Jamie Nadeau

James Nadeau

What was your class year and major/minor?

I graduated in 2010 with a major in Government and Legal Studies and a minor in English.

What is your current job, and city of residence?

I work as a Program Director at the Posse Foundation Veterans Program in NYC, which supports veterans seeking to obtain a college degree after serving in the military. I just graduated from Teachers College, Columbia University, where I received a master's degree in Higher and Postsecondary Education. 

Did your academic or extracurricular experience at Bowdoin influence how you are involved in communities now? If yes, how so?

Absolutely. At Bowdoin, I was involved with the McKeen Center, Residential Life, and Admissions. My experiences as a McKeen Fellow, proctor, RA, and senior interviewer complimented my studies of government and policy and provided me with important opportunities for community-centered work. I was also heavily influenced by an ASB trip to Guatemala and my semester abroad in Cape Town, which opened my eyes to the reality of educational inequity. In addition, I was fortunate to have great mentors at Bowdoin, including: Professors Mike Franz, David Collings, and Allen Springer; Sarah Seames at the McKeen Center; and Whitney Soule in the Admissions Office.

In what ways have you been engaged with the community since graduating from Bowdoin (both professionally and personally)?

After graduation, I spent a year in Zambia on a Princeton in Africa Fellowship. I worked for a small scholarship foundation called Kucetekela and gained invaluable experience working directly with underserved youth. That experience inspired me to consider working on behalf of educational access back in the States. For four years afterward, I worked at The Opportunity Network, a career and college readiness organization in New York City, and then started a graduate program at Teachers College. At TC, I worked as a Graduate Research Assistant for the New Jersey Council of County Colleges, helping to improve graduation rates at the state's community colleges, and as a Resident Assistant with Columbia's School of General Studies. 

I have also stayed involved with Bowdoin, helping to engage donors for the 2010 Alumni Fund.
 
What's been your favorite or most meaningful experience in public service since you graduated?

I think one of the things I'm most proud of is the relationship I helped to cultivate with Bowdoin's admissions office while at OppNet. It was a wonderful way to connect my passion for Bowdoin and the education it offers with my work in postsecondary access and success.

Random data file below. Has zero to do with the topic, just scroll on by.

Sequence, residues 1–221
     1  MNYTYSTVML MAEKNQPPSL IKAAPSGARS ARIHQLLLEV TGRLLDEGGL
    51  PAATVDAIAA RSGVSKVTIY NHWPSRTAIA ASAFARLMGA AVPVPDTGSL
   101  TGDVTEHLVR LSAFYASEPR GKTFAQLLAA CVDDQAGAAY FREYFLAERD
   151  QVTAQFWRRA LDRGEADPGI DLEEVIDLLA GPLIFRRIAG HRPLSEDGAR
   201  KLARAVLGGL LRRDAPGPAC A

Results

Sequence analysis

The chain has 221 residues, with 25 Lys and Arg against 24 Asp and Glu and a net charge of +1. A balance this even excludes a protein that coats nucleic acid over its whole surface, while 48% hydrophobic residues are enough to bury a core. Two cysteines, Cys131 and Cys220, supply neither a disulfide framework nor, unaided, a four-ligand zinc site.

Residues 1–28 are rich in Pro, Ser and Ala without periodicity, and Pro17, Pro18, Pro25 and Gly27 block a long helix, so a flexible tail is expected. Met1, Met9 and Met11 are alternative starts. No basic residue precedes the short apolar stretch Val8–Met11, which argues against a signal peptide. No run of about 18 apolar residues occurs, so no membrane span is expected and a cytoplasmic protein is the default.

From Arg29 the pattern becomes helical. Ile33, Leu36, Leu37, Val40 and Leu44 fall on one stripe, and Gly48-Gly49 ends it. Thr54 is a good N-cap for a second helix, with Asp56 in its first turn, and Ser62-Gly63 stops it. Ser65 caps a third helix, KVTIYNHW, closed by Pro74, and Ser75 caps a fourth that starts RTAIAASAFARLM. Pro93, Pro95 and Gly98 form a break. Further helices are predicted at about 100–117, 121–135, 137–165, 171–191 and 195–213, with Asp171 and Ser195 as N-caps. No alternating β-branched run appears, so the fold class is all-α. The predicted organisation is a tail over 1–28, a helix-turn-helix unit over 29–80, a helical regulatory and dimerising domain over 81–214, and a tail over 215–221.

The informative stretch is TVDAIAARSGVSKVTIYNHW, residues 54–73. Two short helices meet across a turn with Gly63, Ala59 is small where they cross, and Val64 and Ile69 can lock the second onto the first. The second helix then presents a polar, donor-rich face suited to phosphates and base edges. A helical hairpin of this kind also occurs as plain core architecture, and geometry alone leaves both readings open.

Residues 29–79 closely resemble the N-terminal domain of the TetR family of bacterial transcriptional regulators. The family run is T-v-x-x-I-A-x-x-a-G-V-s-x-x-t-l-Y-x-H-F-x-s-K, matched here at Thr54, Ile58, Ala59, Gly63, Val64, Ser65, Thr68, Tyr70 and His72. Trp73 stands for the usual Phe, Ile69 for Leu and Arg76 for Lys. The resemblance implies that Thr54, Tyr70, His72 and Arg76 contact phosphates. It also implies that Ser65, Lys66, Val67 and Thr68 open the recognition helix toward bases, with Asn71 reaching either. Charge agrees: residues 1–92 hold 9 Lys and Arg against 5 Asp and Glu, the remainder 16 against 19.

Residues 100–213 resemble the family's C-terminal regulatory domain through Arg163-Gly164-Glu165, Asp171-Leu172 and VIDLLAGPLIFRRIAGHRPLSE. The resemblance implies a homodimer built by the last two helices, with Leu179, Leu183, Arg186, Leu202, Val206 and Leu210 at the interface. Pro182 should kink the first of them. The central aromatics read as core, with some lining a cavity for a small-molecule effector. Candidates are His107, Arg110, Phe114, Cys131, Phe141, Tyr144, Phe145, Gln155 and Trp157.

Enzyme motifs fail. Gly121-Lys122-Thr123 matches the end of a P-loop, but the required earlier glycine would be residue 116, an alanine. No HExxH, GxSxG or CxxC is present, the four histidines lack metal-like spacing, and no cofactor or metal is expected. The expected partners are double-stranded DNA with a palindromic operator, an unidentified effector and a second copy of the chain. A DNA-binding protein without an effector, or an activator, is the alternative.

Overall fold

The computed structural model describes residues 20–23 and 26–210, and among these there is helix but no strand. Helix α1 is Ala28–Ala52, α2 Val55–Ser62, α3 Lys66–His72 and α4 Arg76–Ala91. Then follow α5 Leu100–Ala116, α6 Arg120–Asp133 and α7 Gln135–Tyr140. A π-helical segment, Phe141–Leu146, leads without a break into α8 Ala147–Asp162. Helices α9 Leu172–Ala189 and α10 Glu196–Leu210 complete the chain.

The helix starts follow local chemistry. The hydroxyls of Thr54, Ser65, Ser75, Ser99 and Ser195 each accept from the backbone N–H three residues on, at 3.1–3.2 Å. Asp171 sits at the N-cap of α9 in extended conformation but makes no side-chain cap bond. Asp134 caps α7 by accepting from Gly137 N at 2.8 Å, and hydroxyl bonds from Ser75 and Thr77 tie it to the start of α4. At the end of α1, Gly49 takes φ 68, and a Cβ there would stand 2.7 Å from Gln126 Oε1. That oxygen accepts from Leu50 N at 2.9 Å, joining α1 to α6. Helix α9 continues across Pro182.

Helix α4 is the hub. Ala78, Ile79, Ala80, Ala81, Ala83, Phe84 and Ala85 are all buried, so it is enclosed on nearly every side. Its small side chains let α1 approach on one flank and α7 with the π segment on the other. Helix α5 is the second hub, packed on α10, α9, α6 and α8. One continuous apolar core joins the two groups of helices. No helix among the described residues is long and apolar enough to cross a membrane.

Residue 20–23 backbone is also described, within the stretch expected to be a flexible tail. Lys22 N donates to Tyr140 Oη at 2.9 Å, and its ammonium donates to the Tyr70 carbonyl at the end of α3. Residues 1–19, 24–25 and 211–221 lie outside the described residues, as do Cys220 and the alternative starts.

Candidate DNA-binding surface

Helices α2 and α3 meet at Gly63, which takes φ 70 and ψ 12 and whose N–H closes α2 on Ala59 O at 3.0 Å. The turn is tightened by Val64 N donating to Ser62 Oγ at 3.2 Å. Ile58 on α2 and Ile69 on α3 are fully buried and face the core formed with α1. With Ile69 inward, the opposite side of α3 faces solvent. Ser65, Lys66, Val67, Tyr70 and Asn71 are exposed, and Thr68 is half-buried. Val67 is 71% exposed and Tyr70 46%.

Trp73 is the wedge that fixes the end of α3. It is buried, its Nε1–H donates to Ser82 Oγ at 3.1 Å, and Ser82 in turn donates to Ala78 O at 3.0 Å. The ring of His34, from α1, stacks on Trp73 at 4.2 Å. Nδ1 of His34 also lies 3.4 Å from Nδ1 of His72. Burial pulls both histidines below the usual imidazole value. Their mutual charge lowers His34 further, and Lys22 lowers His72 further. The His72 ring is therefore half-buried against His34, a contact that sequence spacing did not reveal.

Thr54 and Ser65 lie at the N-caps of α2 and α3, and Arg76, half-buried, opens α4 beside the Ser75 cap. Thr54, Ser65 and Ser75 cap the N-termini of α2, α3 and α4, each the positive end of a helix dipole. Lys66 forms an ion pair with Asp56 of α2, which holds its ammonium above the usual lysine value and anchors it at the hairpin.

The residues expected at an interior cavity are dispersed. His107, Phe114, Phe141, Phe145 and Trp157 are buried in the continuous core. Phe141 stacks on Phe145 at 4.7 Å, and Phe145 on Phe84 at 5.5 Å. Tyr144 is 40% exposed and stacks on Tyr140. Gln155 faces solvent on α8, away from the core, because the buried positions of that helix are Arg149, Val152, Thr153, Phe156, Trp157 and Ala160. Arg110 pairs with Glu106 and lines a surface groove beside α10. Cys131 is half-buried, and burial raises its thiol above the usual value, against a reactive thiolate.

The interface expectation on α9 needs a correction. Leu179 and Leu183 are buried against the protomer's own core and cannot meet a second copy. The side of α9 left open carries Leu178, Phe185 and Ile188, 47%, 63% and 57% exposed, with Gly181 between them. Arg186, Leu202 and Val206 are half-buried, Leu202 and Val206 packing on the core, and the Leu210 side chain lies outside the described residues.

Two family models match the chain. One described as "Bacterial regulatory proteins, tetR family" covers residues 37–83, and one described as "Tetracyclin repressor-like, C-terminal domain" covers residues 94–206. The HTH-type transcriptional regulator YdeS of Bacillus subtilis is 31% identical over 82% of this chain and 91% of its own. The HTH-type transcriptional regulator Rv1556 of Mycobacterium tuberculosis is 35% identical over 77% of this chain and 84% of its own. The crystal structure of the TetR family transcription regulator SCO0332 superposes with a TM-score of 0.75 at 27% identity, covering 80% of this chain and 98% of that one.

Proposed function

Have any unexpected challenges or difficulties related to this work popped up along the way? If so, what did you learn from these challenges?

I think one of the most difficult things about working in youth development is that it can be tough to find a healthy work-life balance. Everyone who is engaged in this field is unbelievably passionate and relentlessly hardworking; we all want what is best for our students, and sometimes it can be tough to step away and think about the big picture. That being said, I think this is one of the things that makes me so attracted to this work - that its hard to be successful without serious personal investment.

What advice do you have for students who want to work for the common good after Bowdoin?

Take advantage of Bowdoin's resources - both academic and extracurricular. Find leadership positions that push you and allow you to explore your interests, develop your strengths, and tackle your weaknesses. Study abroad, if you can. Make the most of your summers to explore a wide range of careers. Make connections on and off campus from day one, and commit to maintaining them overtime. Stay humble, flexible, and curious - always be on the lookout for new opportunities and ideas. Try your best to reflect on what draws you to service - is it a particular issue? Is it a skill set you absolutely love using? Is it a certain type of organization? And lastly, recognize that you won't be able to figure everything out at once - the field of public service is constantly evolving, so keep an open mind and remain critical and reflective as you make career decisions.

Attending Bowdoin is a privilege, and my challenge to alumni is this: what will you do with your education? How will you utilize this privilege to benefit the lives of others who are less fortunate?